GUMBA, Nepal – “I don’t understand,” says Chesang Yolmo, “why there’s no help from the government or from NGOs.” He gazes down the road leading out of his village, Gumba, in the Nepalese mountains. “Maybe we’re too remote.”
It has been a year since the 7.9 magnitude tremors that would destroy his community – and a way of living that had remained undisturbed for centuries.
But now the road, strewn with boulders, is a daily reminder of the devastating earthquakes that hit Nepal, including the Sindhulpalchok district where 23 year-old Chesang was born. “We’re still in a very difficult situation. The road was ruined by landslides, and the main bridge was ruined as well. We have to walk for seven hours to buy food and other rations.”
The last time help reached Gumba, which means Buddha in Nepali, was in May 2015, two weeks after the first quake struck. Aid workers brought supply trucks from Kathmandu as far as Katike, six hours’ trek from Gumba, but could go no further due to landslides. Villagers were forced to make the difficult journey on foot, in the rain, to collect the supplies.
One of those distributing aid was photographer Pong Suracheth from Chiang Mai, Thailand.
“On the way to Katike I saw a lot of villages that also needed help,” he says. “We had to explain that this truck wasn’t for them, but some people tried to get a ride with us anyway. When we eventually made it to Katike at 4 o’clock, the crowds were so huge it was hard to distribute the relief. Everyone was desperate and trying to take bags without permission.”
The workers tried to isolate those from Gumba, for whom they had brought the bags. “They looked very stressed, but I could feel their strength,” says Pong.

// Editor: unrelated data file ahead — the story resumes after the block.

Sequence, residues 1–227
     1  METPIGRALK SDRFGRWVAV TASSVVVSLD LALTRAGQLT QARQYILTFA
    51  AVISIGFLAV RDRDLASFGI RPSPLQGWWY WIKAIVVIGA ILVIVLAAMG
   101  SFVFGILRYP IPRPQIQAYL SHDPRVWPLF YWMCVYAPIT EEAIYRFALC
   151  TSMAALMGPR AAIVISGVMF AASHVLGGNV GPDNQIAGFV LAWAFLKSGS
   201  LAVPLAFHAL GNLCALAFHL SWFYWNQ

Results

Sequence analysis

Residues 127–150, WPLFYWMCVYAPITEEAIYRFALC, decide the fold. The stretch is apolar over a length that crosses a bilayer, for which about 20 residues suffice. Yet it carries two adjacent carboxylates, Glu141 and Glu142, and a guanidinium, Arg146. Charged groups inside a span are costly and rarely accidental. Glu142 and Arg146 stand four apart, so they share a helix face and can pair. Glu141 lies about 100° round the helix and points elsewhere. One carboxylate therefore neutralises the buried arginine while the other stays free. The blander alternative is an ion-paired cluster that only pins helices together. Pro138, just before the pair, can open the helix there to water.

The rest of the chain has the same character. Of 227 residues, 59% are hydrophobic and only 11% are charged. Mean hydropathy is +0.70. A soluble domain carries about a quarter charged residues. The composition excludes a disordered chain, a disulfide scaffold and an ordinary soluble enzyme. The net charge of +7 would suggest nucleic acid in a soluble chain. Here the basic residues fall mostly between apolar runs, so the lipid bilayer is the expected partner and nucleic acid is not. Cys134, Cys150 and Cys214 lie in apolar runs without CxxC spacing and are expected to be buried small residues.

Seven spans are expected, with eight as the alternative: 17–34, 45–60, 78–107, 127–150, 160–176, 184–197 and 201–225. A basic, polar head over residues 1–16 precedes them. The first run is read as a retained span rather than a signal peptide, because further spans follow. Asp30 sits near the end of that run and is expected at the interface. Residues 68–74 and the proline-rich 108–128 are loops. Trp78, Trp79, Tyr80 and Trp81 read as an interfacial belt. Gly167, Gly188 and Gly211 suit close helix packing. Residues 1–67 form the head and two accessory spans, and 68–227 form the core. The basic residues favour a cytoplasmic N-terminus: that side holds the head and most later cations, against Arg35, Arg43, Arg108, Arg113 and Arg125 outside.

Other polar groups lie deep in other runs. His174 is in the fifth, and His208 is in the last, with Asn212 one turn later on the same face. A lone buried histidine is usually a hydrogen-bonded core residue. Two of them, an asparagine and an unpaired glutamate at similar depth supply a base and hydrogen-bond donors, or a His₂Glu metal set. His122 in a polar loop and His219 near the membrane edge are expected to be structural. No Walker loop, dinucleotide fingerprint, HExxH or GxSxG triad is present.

As darkness fell, dinner was served in Katike’s sole surviving restaurant, while villagers and relief workers crowded into tents, and any other buildings that were still standing, to sleep.
The treacherous return journey to Gumba began early the next morning. With the heavy aid parcels on their backs, the group was forced to carve new paths around fallen rocks and collapsed houses. They finally arrived at dusk to find that some of the villagers had moved to safety in a flat area an hour outside of Gumba, while others remained to await a delivery of medical supplies by helicopter the following day. That delivery would save the lives of everyone in the village.
On 12 May, a second earthquake wrought havoc in Sindhulpalchok; Gumba was only spared further fatalities because everyone was out in the fields, carrying medicine from the helicopter. “We’d just moved the third load when we heard the boom,” Pong remembers. “Massive rocks were falling from the top of the mountain, creating smoke like morning clouds. The earth was shaking violently and I couldn’t stablize myself. I was completely stunned for a few minutes – then I noticed that the temple was in rubble, and houses were breaking apart.”
Dazed, people hurried to gather animals and pack up whatever remained of their belongings. They made their way to the flat land to join friends and family in cramped, makeshift accommodation, uncertain when or even if they would be able to return home. One year later, while many have returned home, life has certainly not returned to normal.
“The things we really need are a new road, electricity, a school and a monastery,” says Chesang.
“Also there are no healthcare facilities in the village now, which is hard for children or old people if they get sick, and farmers have no space to store the crops they harvest. They’ve been covering them with tarpaulin sheets, but it’s only a temporary solution. I feel like we’ve been forgotten.”